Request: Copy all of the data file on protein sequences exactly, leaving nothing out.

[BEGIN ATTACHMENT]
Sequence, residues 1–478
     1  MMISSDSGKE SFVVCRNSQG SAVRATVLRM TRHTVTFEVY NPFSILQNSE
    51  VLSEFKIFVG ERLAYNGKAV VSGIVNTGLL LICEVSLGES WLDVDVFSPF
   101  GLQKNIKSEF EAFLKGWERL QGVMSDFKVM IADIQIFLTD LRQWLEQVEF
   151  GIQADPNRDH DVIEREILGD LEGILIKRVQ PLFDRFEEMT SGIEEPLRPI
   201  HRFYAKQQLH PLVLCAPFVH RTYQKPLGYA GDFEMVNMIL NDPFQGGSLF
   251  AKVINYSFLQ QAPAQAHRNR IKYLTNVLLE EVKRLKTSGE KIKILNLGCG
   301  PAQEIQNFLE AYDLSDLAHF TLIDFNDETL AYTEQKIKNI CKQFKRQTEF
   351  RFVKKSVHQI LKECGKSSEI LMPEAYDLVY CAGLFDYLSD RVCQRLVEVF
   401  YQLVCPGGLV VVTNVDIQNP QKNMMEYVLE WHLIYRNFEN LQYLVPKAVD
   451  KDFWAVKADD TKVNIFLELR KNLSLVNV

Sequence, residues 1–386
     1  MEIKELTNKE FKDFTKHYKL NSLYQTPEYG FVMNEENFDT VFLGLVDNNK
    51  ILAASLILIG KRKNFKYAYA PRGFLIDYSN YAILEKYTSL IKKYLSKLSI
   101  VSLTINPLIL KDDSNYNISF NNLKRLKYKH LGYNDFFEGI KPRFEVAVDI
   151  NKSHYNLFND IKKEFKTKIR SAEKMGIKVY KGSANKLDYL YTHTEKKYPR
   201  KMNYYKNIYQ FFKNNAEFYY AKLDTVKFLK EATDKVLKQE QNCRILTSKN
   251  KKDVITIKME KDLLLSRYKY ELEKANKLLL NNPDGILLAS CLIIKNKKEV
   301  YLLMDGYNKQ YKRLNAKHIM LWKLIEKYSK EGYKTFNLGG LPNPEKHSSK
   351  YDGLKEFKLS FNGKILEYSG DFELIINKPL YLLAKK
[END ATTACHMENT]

Sequence, residues 1–478
     1  MMISSDSGKE SFVVCRNSQG SAVRATVLRM TRHTVTFEVY NPFSILQNSE
    51  VLSEFKIFVG ERLAYNGKAV VSGIVNTGLL LICEVSLGES WLDVDVFSPF
   101  GLQKNIKSEF EAFLKGWERL QGVMSDFKVM IADIQIFLTD LRQWLEQVEF
   151  GIQADPNRDH DVIEREILGD LEGILIKRVQ PLFDRFEEMT SGIEEPLRPI
   201  HRFYAKQQLH PLVLCAPFVH RTYQKPLGYA GDFEMVNMIL NDPFQGGSLF
   251  AKVINYSFLQ QAPAQAHRNR IKYLTNVLLE EVKRLKTSGE KIKILNLGCG
   301  PAQEIQNFLE AYDLSDLAHF TLIDFNDETL AYTEQKIKNI CKQFKRQTEF
   351  RFVKKSVHQI LKECGKSSEI LMPEAYDLVY CAGLFDYLSD RVCQRLVEVF
   401  YQLVCPGGLV VVTNVDIQNP QKNMMEYVLE WHLIYRNFEN LQYLVPKAVD
   451  KDFWAVKADD TKVNIFLELR KNLSLVNV

Sequence, residues 1–386
     1  MEIKELTNKE FKDFTKHYKL NSLYQTPEYG FVMNEENFDT VFLGLVDNNK
    51  ILAASLILIG KRKNFKYAYA PRGFLIDYSN YAILEKYTSL IKKYLSKLSI
   101  VSLTINPLIL KDDSNYNISF NNLKRLKYKH LGYNDFFEGI KPRFEVAVDI
   151  NKSHYNLFND IKKEFKTKIR SAEKMGIKVY KGSANKLDYL YTHTEKKYPR
   201  KMNYYKNIYQ FFKNNAEFYY AKLDTVKFLK EATDKVLKQE QNCRILTSKN
   251  KKDVITIKME KDLLLSRYKY ELEKANKLLL NNPDGILLAS CLIIKNKKEV
   301  YLLMDGYNKQ YKRLNAKHIM LWKLIEKYSK EGYKTFNLGG LPNPEKHSSK
   351  YDGLKEFKLS FNGKILEYSG DFELIINKPL YLLAKK